Since the publication last summer of his new book, Between the World and Me (Spiegel & Grau, $24), Ta-Nehisi Coates has been awarded a MacArthur Fellowship and the 2015 National Book Award for nonfiction. Toni Morrison has called him “the next James Baldwin.” And, to be sure, few writers have so quickly pricked the conscience of a nation, and done so with such fierce urgency. Written as a letter to his teenage son, the book is part memoir, part polemic, and mostly Coates’s deeply personal attempt to explain the racial divide in America in the context of history, politics, and his own experiences growing up in an African-American family in Baltimore, attending Howard University, and becoming a writer and journalist. Fear as a root of black anger is a major theme of the book, and Coates’s language is both poetic and painful. His anguish over the death of a college friend killed by police after being misidentified as a crime suspect is more than a cautionary tale. And in the end, whether you agree with Coates or not, the book and its message will stay with you long after you’ve turned the final page.

 

Between the World and Me Cover Image
$26.00
ISBN: 9780812993547
Availability: In Stock—Click for Locations
Published: One World - July 14th, 2015

Veteran journalist Dale Russakoff is an exceptional reporter and writer, and both skills are on full display in her excellent book, The Prize: Who’s in Charge of America’s Schools? (Houghton Mifflin Harcourt, $27). First excerpted in The New Yorker, the book is a masterful exposition of how politics, money, and egos—along with entrenched interests and lofty intentions—collided in a highly-publicized attempt to fix the deteriorating public school system in Newark, New Jersey. Over four years of reporting, Russakoff was granted extraordinary access to the lead characters in the story: New Jersey Governor Chris Christie; then Newark Mayor (and now U.S. Senator) Cory Booker; and Facebook founder Mark Zuckerberg, who pledged $100 million to improve Newark’s schools. But the author also immersed herself in the schools, visiting classrooms, getting to know teachers, and following students, most of them low-income, as the unlikely trio of Christie, Booker, and Zuckerberg’s launched what became a hugely misguided effort to rescue public education in America by making Newark a national model of reform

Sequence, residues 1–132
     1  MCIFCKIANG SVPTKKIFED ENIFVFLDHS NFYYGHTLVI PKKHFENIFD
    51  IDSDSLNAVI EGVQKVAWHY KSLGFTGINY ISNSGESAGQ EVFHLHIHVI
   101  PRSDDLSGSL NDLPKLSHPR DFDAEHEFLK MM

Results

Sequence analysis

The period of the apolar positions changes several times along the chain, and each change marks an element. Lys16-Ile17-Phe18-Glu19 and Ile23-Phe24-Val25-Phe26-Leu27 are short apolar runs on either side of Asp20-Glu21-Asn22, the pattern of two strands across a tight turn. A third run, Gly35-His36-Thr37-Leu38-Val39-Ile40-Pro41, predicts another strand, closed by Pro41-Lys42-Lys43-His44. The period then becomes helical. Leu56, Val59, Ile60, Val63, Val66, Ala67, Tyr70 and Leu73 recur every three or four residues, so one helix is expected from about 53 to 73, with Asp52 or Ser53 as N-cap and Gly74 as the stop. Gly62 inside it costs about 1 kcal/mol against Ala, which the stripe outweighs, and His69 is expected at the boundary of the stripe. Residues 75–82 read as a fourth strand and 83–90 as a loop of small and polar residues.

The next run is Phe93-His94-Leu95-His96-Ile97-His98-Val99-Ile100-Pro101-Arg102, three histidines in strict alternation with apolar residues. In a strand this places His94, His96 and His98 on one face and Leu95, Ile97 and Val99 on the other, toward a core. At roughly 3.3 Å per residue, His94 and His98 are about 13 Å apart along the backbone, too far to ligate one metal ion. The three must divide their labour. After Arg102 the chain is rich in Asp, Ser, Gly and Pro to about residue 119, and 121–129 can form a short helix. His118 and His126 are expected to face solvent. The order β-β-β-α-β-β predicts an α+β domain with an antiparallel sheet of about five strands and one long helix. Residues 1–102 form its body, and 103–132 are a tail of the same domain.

The Prize: Who's in Charge of America's Schools? Cover Image
$27.00
ISBN: 9780547840055
Availability: Special Order—Subject to Availability
Published: Houghton Mifflin Harcourt - September 8th, 2015

The Prize: Who's in Charge of America's Schools? Cover Image
$16.99
ISBN: 9780544810907
Availability: Not On Our Shelves—Ships in 1-5 Days
Published: Mariner Books - August 2nd, 2016

In this graphic history of weather, Thunder & Lightning (Random House, $35) are only the beginning. Weather can raise the dead, as floods following Hurricane Irene did in Vermont. Extreme cold accomplishes the same thing on the Svalbard Archipelago, gradually unearthing caskets. Lauren Redniss gives such phenomena the full attention and respect they deserve, conveying in words and hand-colored copperplate and photopolymer-process prints conditions ranging from chaos to rain to heat. As she did in her unforgettable treatment of Marie Curie, Radioactive, Redniss has carefully considered each detail of her book; she designed a new font, named after the Inuktitut for “falling snow.” She fills every page to the edges with colors and shapes, disregarding perspective as early naturalists did, intent on recording details for the sake of science. Often taking a counter-intuitive approach to her subject, Redniss discusses wind by entering the breathless crush of Mecca and by shadowing Diana Nyad across a turbulent Atlantic. She listens to Eucalyptus trees explode in the intense Australian wildfires and joins black kites diving into the crests of flames for insects. She also looks at what we’ve done with weather, from the cloud-seeding that made rain a weapon of mass destruction in the Vietnam War to the climate changes that are destabilizing permafrost. “For millennia people have found meaning and divinity in weather,”Redniss reminds us, and notes that before Gutenberg printed a bible, he produced an almanac, that “calendar of the heavens” that guides us through the Earthly storms.

Thunder & Lightning: Weather Past, Present, Future Cover Image
$35.00
ISBN: 9780812993172
Availability: Backordered
Published: Random House - October 27th, 2015

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